I’m speaking at the ZoomInfo Growth Acceleration Summit today on the Missing Link Between Sales and Marketing Alignment. Since many of you won’t be able to make it I decided I would write out the presentation I’m giving and share it with you here. Enjoy!
The Missing Link Between Sales and Marketing
My college degree is in Marketing, but I’ve been in Sales for 20 years so I know the value of both roles while also seeing the constant disconnect between the two. Marketing usually develops a bunch of content, throws it over the wall to Sales — who uses it (or not) — and then tells Marketing the content or leads are crap without any real data to back up their claims. When the lead flow isn’t enough to drive the necessary revenue the blame game starts and no one wins. This disconnect between Sales and Marketing is the exact reason the role of CRO (Chief Revenue Officer) became popular a few years back.
To help align Sales and Marketing I use the fundamental process of sales developed by E. Saint Elmo Lewis back in 1898 – A.I.D.A (Attention, Interest, Desire, Action). These are the four mental stages we all need to go through before we buy something. First something needs to get my attention, then I need to be interested in it, then I have to have a desire for it, and then I move to act.
Marketing is typically good at developing content that drives brand awareness and attention for inbound lead flow while also creating good content for people who have expressed interest in the product (case studies, pitch decks, etc.). The problem comes when providing the Sales team messaging they can use to keep attention when making calls and engaging with people who haven’t heard of the company before. In today’s world, we literally have seconds to get someone’s attention which is why the typical elevator pitch that Marketing develops fails when using it to make calls. It’s usually way too long, too general and filled with buzz words that are not natural for a sales rep (or any normal human being) to say. This is where I think sales reps needs the most help but get the least support – what do I say when someone picks up the phone?
Marketing actually does create messaging Sales can use to get attention but they tend to bury it in the case studies, which are the best Marketing materials a company has, in my opinion. What we say about how great we are (“leading provider of…”) no one cares about. Third party validation by Gartner is better, but still not great. What our clients say about the work we do is gold. The results we drive for our customers is the number one competitive differentiator any of us have, especially at the beginning of the sales process. If leveraged correctly, these case studies can help develop Sales ready messaging that grabs attention and engages a dialogue with a prospect.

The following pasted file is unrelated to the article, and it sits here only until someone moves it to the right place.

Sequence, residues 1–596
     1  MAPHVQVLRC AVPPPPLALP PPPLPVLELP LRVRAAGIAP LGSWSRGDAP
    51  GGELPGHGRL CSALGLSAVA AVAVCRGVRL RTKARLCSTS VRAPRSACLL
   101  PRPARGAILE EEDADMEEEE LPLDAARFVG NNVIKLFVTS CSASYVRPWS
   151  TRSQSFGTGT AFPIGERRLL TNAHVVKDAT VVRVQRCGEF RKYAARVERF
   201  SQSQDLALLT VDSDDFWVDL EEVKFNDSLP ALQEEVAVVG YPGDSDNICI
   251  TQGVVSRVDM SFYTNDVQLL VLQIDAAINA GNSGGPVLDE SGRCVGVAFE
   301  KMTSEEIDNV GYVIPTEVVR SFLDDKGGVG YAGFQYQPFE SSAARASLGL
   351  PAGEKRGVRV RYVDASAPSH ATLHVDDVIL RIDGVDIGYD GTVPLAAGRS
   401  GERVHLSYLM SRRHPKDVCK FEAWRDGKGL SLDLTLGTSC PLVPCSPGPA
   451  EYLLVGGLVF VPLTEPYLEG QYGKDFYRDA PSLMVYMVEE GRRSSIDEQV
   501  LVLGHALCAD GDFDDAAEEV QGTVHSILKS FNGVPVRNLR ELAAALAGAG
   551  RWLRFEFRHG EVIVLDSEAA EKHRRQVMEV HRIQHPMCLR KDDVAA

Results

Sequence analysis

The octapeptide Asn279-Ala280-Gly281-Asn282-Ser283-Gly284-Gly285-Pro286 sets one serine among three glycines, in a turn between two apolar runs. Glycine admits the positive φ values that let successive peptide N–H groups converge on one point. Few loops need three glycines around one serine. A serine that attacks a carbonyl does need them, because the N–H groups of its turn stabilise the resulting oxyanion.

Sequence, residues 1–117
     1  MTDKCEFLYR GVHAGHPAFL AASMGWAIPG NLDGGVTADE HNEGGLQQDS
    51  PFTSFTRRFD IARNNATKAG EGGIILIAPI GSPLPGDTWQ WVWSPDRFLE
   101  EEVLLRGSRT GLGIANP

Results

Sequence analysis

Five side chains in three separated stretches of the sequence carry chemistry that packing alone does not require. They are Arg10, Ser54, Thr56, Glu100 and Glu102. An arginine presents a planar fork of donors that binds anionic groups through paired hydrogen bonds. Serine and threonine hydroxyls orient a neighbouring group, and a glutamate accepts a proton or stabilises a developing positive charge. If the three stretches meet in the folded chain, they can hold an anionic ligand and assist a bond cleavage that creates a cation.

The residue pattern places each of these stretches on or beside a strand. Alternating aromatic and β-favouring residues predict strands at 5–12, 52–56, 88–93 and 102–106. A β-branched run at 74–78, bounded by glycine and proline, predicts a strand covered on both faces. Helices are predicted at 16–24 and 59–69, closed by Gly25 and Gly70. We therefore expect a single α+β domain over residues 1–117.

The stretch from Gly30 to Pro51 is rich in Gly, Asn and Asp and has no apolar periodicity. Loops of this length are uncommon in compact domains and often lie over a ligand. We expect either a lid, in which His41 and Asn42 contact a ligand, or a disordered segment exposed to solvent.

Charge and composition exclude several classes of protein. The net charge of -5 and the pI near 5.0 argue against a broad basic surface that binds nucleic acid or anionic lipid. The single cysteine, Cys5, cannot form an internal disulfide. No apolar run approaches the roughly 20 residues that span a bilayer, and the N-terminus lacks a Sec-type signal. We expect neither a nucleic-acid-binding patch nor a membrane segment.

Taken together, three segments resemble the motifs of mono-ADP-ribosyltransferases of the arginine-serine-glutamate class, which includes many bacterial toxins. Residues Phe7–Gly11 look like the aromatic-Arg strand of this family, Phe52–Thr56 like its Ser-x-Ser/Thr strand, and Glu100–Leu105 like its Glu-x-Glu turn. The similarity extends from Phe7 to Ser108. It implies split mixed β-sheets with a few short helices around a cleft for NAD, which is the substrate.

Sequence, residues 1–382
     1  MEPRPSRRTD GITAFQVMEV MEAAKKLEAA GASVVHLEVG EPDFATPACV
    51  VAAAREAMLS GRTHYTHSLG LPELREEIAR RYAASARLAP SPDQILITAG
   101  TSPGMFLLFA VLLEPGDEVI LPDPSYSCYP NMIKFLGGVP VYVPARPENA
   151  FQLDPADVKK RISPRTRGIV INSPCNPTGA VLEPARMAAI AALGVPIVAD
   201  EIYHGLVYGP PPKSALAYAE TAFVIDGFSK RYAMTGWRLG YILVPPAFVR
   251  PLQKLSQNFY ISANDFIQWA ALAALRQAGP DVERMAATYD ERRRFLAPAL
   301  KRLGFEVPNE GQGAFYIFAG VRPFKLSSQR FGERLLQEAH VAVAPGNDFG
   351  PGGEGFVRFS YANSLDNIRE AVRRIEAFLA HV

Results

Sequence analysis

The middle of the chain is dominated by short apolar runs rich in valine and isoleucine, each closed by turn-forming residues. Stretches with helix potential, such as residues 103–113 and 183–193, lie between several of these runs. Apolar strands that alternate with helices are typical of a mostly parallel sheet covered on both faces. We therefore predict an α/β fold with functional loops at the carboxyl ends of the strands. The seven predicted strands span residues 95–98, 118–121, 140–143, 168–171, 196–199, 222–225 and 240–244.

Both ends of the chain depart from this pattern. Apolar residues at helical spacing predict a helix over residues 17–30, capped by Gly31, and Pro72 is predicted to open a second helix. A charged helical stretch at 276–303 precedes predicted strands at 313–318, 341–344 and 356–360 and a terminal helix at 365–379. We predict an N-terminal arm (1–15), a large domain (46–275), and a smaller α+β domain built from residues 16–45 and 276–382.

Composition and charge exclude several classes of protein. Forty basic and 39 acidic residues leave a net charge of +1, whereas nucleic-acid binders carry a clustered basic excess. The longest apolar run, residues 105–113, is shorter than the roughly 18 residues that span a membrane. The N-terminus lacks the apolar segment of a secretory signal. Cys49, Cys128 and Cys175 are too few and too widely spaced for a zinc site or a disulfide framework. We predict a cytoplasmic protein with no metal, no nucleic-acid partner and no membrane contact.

My favorite way to align Sales and Marketing is with a simple a lunch-and-learn with a one-hour call blitz (Power Hour) and feedback session afterwards. During the lunch-and-learn Marketing comes in and presents on a specific persona that values the company’s product or solution. They teach the Sales team what that persona cares about, what their priorities and challenges are and what aspects of the company’s solution align with them. They then present a case study specific to a client and persona and talk through the challenge, solution, and results. This result can then become the message (Attention Grabber) they use to make phone calls into that persona by saying something like “We showed X Company in your industry, how to drive X results.” With the focus on one persona they can also come up with 2-3 qualifying questions specific to that persona that are more insightful than “tell me about your priorities.” Lastly, they have a case study to share when the client expresses interest.
Armed with an Attention Grabbing statement, specific qualifying questions to a persona, and a case study, the sales reps are better prepared to make phone calls into that persona. If a group of sales reps call into one persona using that same approach during a one-hour call blitz they can easily track the results and provide immediate feedback to Marketing about how the approach worked. Marketing can also sit in on this call blitz to hear how the messaging is being used in live situations and make adjustments on the fly or provide instant feedback to improve results. Incorporating the lunch-and-learn with a one-hour call blitz once a week helps both departments work together more effectively to drive results.
This approach won’t fix all the problems between Sales and Marketing but it moves things in the right direction. Give it a shot and let me know if it works for you.
Make it happen!